Cuba was the first internatonal trip for the Republik Tour. I spent my time preparing for Cuba by reading what I could find out about the island and by talking to people who actually visited the country. I didn’t trust what I read in the media because I’m such a skeptic when it comes to the media. The feed-back I received from those that have actually visited the island recently was mainly positive - specifically about the culture, people and architecture; the reviews on the food were not so positive.
I’m writing this blog in hopes that my experience will give you some clarity between myth and fact; and help you understand that much of what you hear about Cuba is conjured-up by Trump Administration and government; and people that make really poor choices in restaurants. I hope reading this blog will help you decide to visit Cuba you’re contemplating visiting the island.
Obtaining your Cuban VISA
Obtaining a Cuban VISA is easy. There are a lot of different rules and regulations that are important and you should understand when you apply for your VISA. To read more about the U.S. restrictions & apply for a Cuban VISA, I recommend checking out the following link https://cubavisaservices.com. Cuban VISAs cost $50 on this site; you can either pick it up at the counter at the airport or you can have it shipped to you. When I received the VISA it was blank; you merely fill out your name, DOB and nationality, very similar to how you fill out a Customs form when entering a foreign country. I flew Southwest, which provides VISA services when you purchase your ticket. You will need to cite one of the 12 qualified categories allowing travel to Cuba (see link above) when you purchase your VISA. If you don’t order your VISA in advance, and if you’re flying Southwest, you can buy your VISA at the Southwest gate before boarding your flight. Based on our activity, we cited Journalistic Activity; others may cite Support of the Cuban People. But, please note, that each of the 12 categories is for a specific purpose and leisure travel is not allowed.
Exchanging US Dollars for Cuban money was a little bit difficult. U.S. banks or exchange kiosks do not exchange US Dollars for Cuban dollars ( CUC or CUP), but you can exchange for Dollars for Euros while in the US. If you want to wait until you land in Cuba to exchange Dollars for CUCs or CUPs, you can exchange Dollars and Euros to Cuban currency at the airport or your hotel. That said, I wouldn’t recommend doing the exchange at the airport in Cuba because they take more than they should (and extra 10%). And here’s the most important tip: make sure you spend all your Cuban currency in Cuba! On our way back home it was a struggle to change our currency back to Euros (even after all the exchange venues said they would gladly exchange their currency back to Euros). Evidently, it’s a “well know secret” that they avoid converting their money back into Euros. So we ending up coming back to the US with Cuban currency in hoes that we could exchange it in the U.S. — and we couldn’t. That was extremely frustrating. **So, 😟if anyone is going to Cuba please DM me @PhyliciaAlvarez I have $160 in Cuban money to exchange dollar for dollar (in Cuba they give you only .85 cents (or less) on the Dollar).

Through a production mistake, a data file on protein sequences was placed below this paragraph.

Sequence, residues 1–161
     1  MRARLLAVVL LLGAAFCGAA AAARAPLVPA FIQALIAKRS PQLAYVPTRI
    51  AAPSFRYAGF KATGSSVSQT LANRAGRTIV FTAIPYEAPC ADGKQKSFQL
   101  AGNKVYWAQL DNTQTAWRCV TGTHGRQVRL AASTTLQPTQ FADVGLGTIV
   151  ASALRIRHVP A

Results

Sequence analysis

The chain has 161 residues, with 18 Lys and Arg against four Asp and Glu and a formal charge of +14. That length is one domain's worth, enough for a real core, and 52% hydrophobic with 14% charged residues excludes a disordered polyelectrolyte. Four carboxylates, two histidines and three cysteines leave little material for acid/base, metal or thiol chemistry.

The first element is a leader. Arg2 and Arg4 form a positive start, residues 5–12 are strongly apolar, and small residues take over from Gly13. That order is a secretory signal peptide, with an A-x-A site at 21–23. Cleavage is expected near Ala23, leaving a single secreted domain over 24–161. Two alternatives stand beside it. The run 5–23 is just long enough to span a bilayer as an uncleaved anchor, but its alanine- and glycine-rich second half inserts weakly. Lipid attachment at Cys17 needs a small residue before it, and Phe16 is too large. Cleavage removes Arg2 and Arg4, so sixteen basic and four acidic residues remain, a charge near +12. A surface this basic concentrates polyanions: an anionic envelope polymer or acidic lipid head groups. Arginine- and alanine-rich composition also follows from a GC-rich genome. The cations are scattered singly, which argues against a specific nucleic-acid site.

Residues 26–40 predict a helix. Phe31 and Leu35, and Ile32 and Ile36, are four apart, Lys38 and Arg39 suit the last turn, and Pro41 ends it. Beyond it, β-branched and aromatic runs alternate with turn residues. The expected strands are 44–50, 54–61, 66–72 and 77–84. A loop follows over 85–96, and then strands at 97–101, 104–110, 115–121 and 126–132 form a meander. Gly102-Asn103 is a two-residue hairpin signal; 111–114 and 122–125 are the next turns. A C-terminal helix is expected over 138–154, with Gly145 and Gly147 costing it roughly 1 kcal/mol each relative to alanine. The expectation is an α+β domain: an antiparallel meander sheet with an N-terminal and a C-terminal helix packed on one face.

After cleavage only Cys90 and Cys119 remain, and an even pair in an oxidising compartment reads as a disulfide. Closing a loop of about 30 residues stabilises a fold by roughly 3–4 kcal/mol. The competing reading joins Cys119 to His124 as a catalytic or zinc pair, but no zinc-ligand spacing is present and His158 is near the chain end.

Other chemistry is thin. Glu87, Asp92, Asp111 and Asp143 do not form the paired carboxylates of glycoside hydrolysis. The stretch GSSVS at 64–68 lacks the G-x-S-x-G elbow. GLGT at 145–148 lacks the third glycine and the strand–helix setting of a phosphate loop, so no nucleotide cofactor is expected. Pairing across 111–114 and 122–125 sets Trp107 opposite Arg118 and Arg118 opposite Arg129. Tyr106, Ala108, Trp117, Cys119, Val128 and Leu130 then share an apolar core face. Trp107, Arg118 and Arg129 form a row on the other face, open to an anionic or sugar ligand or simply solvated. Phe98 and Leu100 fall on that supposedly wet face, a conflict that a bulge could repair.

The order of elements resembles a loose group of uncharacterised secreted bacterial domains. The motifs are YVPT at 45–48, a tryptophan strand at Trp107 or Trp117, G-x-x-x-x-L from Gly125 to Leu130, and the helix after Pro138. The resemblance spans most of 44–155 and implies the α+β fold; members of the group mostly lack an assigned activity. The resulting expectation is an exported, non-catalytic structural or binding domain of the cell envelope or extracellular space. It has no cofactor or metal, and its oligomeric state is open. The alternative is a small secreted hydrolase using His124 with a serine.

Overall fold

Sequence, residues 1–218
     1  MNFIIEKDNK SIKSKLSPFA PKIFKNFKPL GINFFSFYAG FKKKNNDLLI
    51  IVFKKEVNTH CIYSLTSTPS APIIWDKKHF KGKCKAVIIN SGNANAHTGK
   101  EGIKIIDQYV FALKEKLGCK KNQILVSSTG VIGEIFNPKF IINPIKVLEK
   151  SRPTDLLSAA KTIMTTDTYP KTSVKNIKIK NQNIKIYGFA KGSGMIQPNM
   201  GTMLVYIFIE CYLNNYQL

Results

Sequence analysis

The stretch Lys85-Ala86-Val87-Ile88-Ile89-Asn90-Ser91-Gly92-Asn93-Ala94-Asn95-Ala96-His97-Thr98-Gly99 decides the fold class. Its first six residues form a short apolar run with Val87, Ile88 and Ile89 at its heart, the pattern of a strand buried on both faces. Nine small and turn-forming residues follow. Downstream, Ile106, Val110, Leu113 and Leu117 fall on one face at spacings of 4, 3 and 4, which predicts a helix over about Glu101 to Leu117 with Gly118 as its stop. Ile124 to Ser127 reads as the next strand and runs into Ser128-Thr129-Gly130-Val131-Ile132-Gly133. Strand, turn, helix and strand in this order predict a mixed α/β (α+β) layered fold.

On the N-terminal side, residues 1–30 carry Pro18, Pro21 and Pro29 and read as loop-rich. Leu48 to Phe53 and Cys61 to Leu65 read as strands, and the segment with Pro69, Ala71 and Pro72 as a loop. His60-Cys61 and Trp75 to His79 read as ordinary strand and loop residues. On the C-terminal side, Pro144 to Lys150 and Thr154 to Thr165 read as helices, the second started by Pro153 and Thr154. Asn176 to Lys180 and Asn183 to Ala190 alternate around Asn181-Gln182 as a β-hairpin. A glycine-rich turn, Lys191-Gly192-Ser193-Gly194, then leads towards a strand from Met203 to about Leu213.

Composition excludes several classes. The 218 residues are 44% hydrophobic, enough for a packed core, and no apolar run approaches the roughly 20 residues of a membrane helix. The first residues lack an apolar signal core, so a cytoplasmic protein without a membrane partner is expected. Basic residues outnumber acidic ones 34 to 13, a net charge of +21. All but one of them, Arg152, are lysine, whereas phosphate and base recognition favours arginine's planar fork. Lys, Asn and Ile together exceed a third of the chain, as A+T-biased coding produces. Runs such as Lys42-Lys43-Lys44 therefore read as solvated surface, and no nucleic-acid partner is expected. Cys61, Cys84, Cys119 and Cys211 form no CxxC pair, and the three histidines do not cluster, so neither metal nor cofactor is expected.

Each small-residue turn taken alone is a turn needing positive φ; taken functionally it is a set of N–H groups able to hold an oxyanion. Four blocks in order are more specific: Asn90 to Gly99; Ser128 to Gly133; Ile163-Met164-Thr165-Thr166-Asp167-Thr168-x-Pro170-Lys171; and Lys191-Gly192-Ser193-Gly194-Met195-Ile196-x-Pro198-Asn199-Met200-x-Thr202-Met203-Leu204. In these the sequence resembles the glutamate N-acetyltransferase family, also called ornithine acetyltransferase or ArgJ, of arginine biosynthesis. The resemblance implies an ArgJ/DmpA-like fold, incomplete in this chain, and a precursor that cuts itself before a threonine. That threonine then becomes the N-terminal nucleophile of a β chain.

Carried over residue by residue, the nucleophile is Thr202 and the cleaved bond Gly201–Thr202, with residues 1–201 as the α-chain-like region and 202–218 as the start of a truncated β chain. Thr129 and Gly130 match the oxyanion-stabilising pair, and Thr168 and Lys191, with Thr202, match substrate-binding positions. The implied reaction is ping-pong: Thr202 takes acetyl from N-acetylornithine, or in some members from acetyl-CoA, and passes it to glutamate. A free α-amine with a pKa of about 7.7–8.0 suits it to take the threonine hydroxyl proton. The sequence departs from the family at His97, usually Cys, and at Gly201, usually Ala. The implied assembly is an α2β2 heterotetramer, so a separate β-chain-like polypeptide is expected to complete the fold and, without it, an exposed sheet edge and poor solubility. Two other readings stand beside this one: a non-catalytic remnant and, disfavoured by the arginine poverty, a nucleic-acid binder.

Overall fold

Accommodations: where to stay?
My husband and I stayed at Hotel Saratoga, which is a beautifully restored hotel located in central Old Havana. It has an amazing rooftop pool with views of the Capitola and free Wi-Fi. Our friends stayed at nearby Airbnb‘s that were very hospitable and beautiful, as well. One of the Airbnb’s even provided a cell phone with Google translate and GPS map of Havana which was very useful for all of us. If you’re staying at Airbnb that is not updated with Wi-Fi, you can buy a Wi-Fi card on the street for a dollar or two dollars per hour, giving you a login code to connect to public hotspots located in public parks in and around the City. But, I recommend taking advantage of the rare opportunity of being able to “disconnect” from the world of texts, tweets and social media. Trust me, it will allow you to really enjoy Havanas’ architecture, culture and the people.
( the view from Lindsay’s Airbnb was amazing and the inside was just as beautiful)
Finding good food in Cuba was one of my biggest concerns, because everyone that I spoke with said that the food was bad. Thankfully, that wasn’t the case for us — except for the breakfast that was included at our hotel lol. Lunch and dinner, on both days, was amazing and so affordable! The first night, I had dinner at the hotel on the rooftop, which just was OK; however, the drinks were the best out of all the places we visited throughout Havana. Unlike most of the exclusive rooftop pools in the U.S., the rooftop at our hotel is open to the public, as long as you order something to eat or drink.
After a long morning of shooting at various spots in Old Havana, we had lunch at small joint called R. Orozco, which is in the square near the Havana Cathedral — and area with dozens of restaurants to choose from, which can be a bit overwhelming. At R. Orozco, ordered Ropa Vieja (yes, you’re correct, the Spanish translation means “old dirty clothes” LOL), which was melt-in-your mouth good! Every plate that our team ordered was absolutely delicious; and though you got 2 free drinks with the meal, the drinks were watered down, too tart or too sweet. My husband and I spent $24.00 total for both our lunch meals. But, wait, it gets better.